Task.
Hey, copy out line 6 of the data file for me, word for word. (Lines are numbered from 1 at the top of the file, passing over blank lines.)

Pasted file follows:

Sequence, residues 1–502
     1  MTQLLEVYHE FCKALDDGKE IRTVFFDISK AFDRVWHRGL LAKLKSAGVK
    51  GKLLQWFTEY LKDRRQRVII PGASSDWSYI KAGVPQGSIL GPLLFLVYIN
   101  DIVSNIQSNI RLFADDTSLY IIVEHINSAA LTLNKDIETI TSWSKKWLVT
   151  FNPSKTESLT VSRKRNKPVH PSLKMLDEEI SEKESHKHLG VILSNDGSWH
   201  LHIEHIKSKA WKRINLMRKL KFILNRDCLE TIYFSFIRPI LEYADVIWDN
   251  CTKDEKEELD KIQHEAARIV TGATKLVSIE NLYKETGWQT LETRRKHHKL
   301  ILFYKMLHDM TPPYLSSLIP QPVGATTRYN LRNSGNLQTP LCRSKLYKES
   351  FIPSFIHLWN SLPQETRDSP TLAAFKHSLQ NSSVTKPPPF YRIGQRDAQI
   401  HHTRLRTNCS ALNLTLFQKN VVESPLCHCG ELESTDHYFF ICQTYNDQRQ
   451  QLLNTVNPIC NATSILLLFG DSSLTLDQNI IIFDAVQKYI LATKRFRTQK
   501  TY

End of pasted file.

   201  LHIEHIKSKA WKRINLMRKL KFILNRDCLE TIYFSFIRPI LEYADVIWDN